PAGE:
Blockchain from a perspective of data protection law
A brief introduction to data protection ramifications
While blockchain applications may provide for an appropriate means of implementing the principle of “privacy by design”, the extent to which such technology may be deployed will be limited by the rights granted to individuals under the European General Data Protection Regulation.
- I. Blockchain: a brief introduction
- II. Blockchain as a surrogate of legal regulation
- III. Blockchain as a catalyst for data protection
- IV. Potential conflicts with data protection law
Blockchain applications are currently amongst the most discussed topics when it comes to the precursors of the fourth industrial revolution. Within the global Deloitte network, the Deloitte Blockchain Institute was founded in order to analyze and consult on the technical and economic potentials and risks of blockchain applications for sector-specific industries (e.g. telecommunications or media).
The following article deals with blockchain applications from the perspective of data protection law, in particular the Regulation (EU) 2016/679 of the European Parliament and of the Council of 27 April 2016 (General Data Protection Regulation - "GDPR"), which will enter into force in May 2018. In addition to an approximation to the term blockchain (cf. section I.), the main question addressed by this article is, to what extent this technology will impact on those areas of life that have been traditionally regulated by analogue law and institutions (cf. section II.). Finally, the potential of blockchain is briefly addressed as an instrument of data protection (cf. section III.) and explains the extent to which data protection law may create certain boundaries to potential applications of blockchain technology (cf. section IV.).
I. Blockchain: a brief introduction
As the term already suggests, one of the essential characteristics of a blockchain is the concatenation of blocks. More specifically, such blocks are comprised of a certain number of cumulative records, the contents of which are interconnected in such manner that each subsequent block contains a cryptographic image of the previous block. Thus it can be ensured that data cannot be manipulated unrecognized after the respective data has been entered into a block, completed and "attached" to a subsequent block. New blocks are always created in a so called “consensus procedure” that ensures the integrity of the data content to be included in each of these blocks.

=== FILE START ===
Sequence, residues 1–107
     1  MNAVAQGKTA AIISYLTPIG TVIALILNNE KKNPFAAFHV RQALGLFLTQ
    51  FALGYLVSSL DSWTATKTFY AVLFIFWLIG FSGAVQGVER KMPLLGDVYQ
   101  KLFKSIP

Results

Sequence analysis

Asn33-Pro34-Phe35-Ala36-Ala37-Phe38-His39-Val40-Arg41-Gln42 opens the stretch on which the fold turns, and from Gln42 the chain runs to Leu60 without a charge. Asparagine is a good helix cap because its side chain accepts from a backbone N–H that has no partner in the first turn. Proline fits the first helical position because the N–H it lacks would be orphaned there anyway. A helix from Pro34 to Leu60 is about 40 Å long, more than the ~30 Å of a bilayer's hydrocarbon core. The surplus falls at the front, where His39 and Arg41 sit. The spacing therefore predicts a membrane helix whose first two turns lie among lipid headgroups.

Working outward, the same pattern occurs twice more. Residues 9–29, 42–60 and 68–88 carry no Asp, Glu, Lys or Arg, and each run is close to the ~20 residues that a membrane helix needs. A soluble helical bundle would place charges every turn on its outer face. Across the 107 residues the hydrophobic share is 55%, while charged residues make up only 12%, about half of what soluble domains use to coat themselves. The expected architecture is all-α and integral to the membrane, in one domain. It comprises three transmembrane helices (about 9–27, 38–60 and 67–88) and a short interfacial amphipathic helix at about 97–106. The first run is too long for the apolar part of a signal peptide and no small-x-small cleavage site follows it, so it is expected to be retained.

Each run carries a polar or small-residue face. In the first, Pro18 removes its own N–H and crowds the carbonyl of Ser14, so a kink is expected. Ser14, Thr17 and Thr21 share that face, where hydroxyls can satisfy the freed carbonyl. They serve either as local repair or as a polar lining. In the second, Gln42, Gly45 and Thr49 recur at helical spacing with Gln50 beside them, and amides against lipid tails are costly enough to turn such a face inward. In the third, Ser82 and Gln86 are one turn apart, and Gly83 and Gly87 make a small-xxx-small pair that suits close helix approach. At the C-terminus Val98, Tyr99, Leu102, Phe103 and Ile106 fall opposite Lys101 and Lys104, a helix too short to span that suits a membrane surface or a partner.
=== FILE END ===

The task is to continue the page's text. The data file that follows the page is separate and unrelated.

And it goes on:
From a perspective of functionality, the blockchain may therefore be described as an electronic database particularly secured against data manipulation.
Originally, the blockchain was conceived as an approach within the digital (crypto) currency system Bitcoin in order to solve the problem of so-called Double Spending occurring in distributed networks. However, its potential scope of application is not limited to virtual currencies. To the contrary, blockchain-based databases may be deployed in all other application scenarios in which the advantages of a distributed network (e.g. high-grade redundancy due to, inter alia, absence of a single point of failure), but at the same time it remains crucial to warrant the integrity of the data contained therein. In this context, apart from numerous applications in the financial sector, such applications may encompass the trade of digital, copyrighted works such as music or video files via internet, or the digitization of registries equipped with public credence, such as the land register (respective projects run in Sweden and ran in Honduras respectively) and commercial registers. In the United Kingdom, the feasibility of a blockchain-based administration of social services has been researched recently as well.
II. Blockchain as a surrogate of legal regulation